You are using an outdated browser.
Please upgrade your browser
and improve your visit to our site.
Skip Navigation

India still has a long way to go on LGBT rights.


The country’s Supreme Court today struck down a British-era law from 1861 that criminalized gay sex. “Consensual sex between adults in the private space, which is not harmful to women or children, cannot be denied as it is a matter of individual choice,” the court wrote in a unanimous opinion. “The law had become a weapon for harassment for the LGBT community,” said chief justice Dipak Misra. “Any discrimination on the basis of sexuality amounts to a violation of fundamental rights.” India is now one of more than 120 countries where homosexuality is decriminalized.

Politicians were divided over the ruling. The governing Bharatiya Janata Party has said it would respect the court’s decision, but BJP Member of Parliament Subramanian Swamy criticized the ruling, saying that it “could give rise to an increase in the number of HIV cases” and that homosexuality is “a genetic flaw like having six fingers on your hand.” The main opposition party, the Congress Party, tweeted that they “hope this is the beginning of a more equal and inclusive society.”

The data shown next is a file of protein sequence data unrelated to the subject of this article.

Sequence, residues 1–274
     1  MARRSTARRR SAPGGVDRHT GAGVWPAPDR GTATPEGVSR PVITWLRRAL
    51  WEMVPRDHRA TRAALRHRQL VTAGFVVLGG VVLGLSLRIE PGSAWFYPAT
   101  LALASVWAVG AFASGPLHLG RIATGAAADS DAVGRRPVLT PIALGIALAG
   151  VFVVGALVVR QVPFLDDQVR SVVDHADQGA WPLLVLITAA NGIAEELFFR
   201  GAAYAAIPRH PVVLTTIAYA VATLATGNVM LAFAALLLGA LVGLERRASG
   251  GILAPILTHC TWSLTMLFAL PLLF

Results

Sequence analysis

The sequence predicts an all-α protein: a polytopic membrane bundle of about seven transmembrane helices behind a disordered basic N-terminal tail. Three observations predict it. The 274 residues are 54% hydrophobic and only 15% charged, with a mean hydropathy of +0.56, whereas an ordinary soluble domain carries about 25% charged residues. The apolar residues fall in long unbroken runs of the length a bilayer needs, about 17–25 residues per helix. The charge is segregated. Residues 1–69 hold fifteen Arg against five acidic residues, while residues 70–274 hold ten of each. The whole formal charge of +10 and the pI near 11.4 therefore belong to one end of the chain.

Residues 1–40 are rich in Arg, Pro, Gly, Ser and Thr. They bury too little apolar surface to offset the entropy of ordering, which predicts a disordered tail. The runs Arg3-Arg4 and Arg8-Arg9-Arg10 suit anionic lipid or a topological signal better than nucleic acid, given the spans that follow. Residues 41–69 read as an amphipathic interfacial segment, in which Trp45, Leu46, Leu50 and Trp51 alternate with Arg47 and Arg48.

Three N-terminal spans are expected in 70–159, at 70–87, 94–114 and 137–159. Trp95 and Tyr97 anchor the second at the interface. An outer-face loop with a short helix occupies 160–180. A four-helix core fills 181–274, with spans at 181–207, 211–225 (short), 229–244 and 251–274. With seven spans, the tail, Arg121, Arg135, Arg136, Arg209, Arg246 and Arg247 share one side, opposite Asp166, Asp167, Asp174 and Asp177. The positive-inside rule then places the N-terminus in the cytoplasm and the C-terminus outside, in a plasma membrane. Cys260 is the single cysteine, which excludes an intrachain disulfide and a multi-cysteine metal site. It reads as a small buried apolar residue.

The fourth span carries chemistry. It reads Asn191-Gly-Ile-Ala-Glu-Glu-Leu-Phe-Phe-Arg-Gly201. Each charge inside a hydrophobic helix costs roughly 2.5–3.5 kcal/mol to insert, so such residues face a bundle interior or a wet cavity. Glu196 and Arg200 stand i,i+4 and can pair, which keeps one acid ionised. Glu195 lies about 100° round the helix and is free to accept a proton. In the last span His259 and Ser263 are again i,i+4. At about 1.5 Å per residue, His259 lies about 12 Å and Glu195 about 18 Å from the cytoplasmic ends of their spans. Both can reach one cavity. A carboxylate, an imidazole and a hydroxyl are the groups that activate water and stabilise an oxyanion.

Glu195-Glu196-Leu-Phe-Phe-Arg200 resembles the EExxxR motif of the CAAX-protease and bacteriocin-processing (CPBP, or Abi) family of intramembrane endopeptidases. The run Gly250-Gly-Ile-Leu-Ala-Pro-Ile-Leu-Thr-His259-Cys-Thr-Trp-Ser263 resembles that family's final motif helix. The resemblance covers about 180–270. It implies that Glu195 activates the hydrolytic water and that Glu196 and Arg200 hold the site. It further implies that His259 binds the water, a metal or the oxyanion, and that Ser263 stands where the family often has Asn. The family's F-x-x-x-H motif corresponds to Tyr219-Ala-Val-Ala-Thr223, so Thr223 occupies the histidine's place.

According to a poll from 2016, 40 percent of Indians agreed at least in part that private consensual same-sex relationships should not be allowed, and 71 percent said they would be somewhat or very upset if one of their children was in love with someone of the same sex. This enduring resistance to gay couples is indicative of the challenges facing Indians seeking equal rights for LGBT people, including legalized gay marriage. According to the same 2016 poll, 35 percent of Indians said same-sex marriage should not be legal, and another 30 percent were unsure.

The court explicitly said that its ruling only concerned the constitutional validity of the 1861 law and not other rights, such as those related to marriage or inheritance.